Political Correctness are intended to avoid offence or disadvantage to members of particular groups in society

Political correctness is used to describe language, policies, or measures that are intended to avoid offence or disadvantage to members of particular groups in society. Since the late 1980`s, the term has come to refer to avoiding language or behavior that can be seen as excluding, marginalizing, or insulting groups of people considered disadvantaged or discriminated against, especially groups defined by sex or race. In public discourse and the media, it is generally used as a pejorative, implying that these policies are excessive.

 

 

The phrase was widely used in the debate about Allan Blooms 1987 book «The closing of the American Mind», and gained further currency in response to Roger Kimballs «Tenured Radicals (1990), and conservative author Dinesh DSouzas 1991 book Illiberal Education, in which he condemned what he saw as liberal efforts to advance self-victimization and multiculturalism through language, affirmative action, and changes to the content of school and university curricula.

Commentators on the left contend that conservatives use the concept of political correctness to downplay and divert attention from substantively discriminatory behavior against disadvantaged groups.

They also argue that the right enforces its own forms of political correctness to suppress criticism of its favored constituencies and ideologies. The term has played a major role in the United States culture war between liberals and conservatives.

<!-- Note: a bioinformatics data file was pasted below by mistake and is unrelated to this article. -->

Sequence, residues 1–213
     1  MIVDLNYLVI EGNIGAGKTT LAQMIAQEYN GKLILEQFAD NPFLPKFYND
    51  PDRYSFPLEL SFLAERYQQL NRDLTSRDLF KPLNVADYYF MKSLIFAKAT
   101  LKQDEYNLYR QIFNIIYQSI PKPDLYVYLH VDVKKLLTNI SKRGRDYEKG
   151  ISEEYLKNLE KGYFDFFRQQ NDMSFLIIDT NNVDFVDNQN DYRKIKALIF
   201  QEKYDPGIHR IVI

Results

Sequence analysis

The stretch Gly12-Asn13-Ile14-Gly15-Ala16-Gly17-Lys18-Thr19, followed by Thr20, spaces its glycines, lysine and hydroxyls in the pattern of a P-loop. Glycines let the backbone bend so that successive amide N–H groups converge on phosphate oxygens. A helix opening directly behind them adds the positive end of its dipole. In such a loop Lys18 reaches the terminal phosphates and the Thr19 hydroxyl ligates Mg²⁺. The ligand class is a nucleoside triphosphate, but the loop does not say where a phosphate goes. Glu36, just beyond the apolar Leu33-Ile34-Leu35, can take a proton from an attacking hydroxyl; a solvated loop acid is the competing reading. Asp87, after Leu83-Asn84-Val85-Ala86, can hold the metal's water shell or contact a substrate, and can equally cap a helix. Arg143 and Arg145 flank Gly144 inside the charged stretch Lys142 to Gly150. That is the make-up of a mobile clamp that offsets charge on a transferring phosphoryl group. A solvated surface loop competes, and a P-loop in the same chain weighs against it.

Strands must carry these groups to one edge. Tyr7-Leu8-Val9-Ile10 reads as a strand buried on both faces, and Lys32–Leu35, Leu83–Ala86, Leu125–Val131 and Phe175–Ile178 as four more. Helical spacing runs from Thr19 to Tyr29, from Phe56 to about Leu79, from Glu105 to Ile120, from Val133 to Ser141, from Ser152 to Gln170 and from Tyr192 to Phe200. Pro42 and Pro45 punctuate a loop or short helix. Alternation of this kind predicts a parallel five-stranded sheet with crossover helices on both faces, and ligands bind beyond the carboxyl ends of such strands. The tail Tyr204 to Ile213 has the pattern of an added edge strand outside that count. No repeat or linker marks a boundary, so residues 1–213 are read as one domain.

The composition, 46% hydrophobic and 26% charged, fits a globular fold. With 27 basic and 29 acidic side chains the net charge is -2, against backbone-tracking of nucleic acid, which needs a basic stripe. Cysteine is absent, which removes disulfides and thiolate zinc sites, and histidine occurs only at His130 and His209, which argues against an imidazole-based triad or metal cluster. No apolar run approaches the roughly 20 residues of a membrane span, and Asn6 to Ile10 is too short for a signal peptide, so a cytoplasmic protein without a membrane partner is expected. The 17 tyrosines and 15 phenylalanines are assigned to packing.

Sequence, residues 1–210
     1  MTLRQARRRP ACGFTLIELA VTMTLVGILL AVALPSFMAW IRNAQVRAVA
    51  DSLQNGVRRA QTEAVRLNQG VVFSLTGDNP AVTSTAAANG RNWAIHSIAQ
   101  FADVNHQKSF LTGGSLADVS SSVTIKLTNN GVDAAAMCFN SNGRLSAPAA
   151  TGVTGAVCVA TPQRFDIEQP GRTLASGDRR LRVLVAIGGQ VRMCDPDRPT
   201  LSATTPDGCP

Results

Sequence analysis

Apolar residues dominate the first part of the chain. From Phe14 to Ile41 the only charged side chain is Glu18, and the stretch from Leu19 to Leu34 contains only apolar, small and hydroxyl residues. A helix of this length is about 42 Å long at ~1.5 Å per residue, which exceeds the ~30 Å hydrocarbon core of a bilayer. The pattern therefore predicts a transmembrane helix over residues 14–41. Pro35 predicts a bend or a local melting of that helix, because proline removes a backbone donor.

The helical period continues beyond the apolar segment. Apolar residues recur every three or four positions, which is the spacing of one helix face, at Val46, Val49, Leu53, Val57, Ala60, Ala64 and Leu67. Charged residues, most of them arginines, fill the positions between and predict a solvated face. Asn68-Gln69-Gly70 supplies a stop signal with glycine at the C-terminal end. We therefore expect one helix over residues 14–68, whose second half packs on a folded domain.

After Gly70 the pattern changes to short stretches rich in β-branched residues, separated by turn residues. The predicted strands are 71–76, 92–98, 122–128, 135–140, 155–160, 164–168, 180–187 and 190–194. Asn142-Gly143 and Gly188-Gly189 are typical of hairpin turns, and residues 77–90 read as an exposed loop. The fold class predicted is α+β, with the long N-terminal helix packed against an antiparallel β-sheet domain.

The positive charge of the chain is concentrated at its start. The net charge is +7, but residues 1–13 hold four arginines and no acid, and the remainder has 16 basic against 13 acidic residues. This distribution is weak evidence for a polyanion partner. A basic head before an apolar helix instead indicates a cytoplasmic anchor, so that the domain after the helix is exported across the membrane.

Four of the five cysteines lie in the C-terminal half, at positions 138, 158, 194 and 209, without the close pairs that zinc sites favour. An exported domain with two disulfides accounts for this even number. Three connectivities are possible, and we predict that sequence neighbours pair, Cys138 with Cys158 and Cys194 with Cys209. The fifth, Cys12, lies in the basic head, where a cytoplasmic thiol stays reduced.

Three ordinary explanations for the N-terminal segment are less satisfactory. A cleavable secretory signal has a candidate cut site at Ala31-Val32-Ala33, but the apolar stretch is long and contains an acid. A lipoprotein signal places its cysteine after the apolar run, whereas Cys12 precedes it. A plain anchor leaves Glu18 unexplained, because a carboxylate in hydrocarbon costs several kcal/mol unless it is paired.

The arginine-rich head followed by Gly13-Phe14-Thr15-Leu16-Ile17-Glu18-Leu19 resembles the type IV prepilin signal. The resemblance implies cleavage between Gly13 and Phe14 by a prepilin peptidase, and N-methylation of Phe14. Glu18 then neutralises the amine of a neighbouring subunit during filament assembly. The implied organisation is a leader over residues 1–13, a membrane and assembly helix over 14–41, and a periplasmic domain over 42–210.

In 1793, the term «political correct» appeared in the U.S Supreme Court judgement of a political lawsuit. The term also had use in other English-speaking countries in the 1800`s. The term probably interned use in the United Kingdom around 1975.

In the early to mid 20th century, the phrase «political correct» was used to describe strict adherence to a range of ideological orthodoxies. In 1934, the New York Times reported that Nazi Germany was granting reporting permits «only to pure Aryans whose opinions are politically correct.»

As marxist-Leninist movements gained political power, the phrase came to be associated with accusations of dogmatic application of doctrine, in debates between American Communists and American Socialists.

This usage referred to the Communist party line which, in the eyes of the Socialists, provided «correct» positions on all political matters.

According to American educator Herbert Kohl, writing about debates in New York in the late 1940s and early 1950s,

«The term «political correct» was used disparagingly, to refer to someone whose loyalty to the CP line overrode compassion, and led to bad politics. It was used by Socialists against Communists, and was meant to separate out Socialists who believed in egalitarian moral ideas from dogmatic Communists who would advocate and defend party positions regardless of their moral substance.»

 

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